Data recovery is performed on demand and if things are running as they should, there is no reason to do it in the first place. However, keep in mind that while you might never have to do a data recovery if you’re lucky, it’s still important to know what it is and how to perform one.
Your backup server will be there for you in case you need to set up a recovery process and it will work the same way regardless of whether you’re recovering a single file or large amounts of data. As long as you have a good recovery method and a solid disaster recovery plan, you have nothing to worry about.
Key Differences Between Backup and Recovery of Data
Just because backup and data recovery work so well together, that doesn’t mean that they’re the same thing. In fact, there are many differences between the two.
Just like it’s important to understand the difference between data archiving and data backup, it’s important to understand backup vs recovery. So what is the difference between recovery and backup?
Starting off with the definitions again, backup is the process of creating a copy of the original data and storing it in a safe place, while recovery is the process of restoring that same data.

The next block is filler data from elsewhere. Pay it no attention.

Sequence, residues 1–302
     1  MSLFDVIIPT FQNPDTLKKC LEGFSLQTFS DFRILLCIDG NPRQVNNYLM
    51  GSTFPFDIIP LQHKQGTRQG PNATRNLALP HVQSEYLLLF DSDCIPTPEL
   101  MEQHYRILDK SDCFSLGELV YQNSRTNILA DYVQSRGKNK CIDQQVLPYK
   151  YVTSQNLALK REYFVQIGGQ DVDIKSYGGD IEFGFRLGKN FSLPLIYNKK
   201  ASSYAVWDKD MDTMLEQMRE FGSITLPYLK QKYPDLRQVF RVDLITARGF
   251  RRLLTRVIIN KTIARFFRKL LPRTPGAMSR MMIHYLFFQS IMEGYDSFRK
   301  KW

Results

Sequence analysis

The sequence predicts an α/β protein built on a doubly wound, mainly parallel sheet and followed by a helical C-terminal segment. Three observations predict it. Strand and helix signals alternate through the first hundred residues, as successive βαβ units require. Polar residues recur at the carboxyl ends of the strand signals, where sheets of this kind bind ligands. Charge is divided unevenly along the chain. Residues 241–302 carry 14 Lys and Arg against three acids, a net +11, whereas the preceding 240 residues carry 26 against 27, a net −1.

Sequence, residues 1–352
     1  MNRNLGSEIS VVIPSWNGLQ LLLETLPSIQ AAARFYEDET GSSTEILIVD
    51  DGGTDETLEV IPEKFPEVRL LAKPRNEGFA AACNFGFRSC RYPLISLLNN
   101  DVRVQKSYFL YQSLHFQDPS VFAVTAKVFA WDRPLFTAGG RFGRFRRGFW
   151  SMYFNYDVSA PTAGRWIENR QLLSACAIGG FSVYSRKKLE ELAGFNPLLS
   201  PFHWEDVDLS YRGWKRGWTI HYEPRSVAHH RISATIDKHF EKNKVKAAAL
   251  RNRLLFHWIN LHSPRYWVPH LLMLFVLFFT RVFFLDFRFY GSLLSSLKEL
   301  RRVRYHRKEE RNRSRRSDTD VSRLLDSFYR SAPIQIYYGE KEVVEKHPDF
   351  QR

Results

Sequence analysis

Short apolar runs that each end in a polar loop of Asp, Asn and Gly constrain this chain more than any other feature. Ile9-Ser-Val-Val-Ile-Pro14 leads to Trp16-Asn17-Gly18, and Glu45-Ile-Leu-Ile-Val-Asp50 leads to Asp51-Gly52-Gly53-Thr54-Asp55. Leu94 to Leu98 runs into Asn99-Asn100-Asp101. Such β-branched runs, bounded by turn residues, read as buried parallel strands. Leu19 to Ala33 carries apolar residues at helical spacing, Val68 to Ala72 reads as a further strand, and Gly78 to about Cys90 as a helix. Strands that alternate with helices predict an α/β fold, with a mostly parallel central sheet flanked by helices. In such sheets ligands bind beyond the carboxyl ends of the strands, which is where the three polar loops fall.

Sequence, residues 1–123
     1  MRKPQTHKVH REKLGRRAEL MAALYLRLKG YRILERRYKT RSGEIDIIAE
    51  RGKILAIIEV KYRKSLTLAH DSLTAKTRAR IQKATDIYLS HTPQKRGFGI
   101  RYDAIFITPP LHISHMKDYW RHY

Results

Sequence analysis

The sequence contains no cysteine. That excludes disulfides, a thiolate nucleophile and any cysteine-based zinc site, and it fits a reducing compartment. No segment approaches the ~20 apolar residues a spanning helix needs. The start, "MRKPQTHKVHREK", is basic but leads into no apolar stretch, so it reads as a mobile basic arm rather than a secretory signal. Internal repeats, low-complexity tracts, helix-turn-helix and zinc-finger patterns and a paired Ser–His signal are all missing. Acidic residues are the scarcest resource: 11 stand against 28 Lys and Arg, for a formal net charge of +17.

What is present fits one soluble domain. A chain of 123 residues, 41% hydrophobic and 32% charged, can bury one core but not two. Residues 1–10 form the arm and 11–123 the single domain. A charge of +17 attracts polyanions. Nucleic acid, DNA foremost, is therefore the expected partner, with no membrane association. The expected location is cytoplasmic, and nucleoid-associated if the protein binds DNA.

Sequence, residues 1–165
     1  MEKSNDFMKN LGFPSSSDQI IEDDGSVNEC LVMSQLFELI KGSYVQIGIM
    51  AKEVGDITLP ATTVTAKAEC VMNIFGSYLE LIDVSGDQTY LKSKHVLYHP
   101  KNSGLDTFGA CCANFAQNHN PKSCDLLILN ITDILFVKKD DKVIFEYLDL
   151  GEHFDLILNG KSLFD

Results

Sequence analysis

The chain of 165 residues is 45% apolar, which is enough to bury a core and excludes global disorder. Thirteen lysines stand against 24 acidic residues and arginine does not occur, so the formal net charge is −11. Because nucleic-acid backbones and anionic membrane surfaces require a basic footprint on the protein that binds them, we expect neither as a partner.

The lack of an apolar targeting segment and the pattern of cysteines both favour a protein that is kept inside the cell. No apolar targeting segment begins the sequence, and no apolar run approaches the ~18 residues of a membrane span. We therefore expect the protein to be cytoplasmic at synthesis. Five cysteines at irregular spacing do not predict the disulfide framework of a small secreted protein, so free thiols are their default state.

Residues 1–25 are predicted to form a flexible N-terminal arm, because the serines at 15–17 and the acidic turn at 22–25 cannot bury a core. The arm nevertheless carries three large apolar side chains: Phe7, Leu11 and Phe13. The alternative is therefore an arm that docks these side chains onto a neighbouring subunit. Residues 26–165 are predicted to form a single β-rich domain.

Still, there’s a lot more to it than just the basics, so let’s get into the key differences between them:
- A backup is nothing more than the replication of data, while recovery is the process of retrieving that data.
- The main goal of a backup is to keep an additional copy in case the original data is lost or damaged, while the goal of recovery is to retrieve that data in case something happens.
- Backup makes the process of data recovery go more smoothly and more easily, while recovery doesn’t have a role in data backup.
- Backups are usually affordable while data recoveries can be expensive.
- Data backups are very common and data restores aren’t as they only occur in case of an unplanned and unexpected data loss.
- Backups are never created automatically, but you can set up an automated recovery.
- You need to have extra storage space for a backup, but you don’t need it for recovery as it’s done on your system.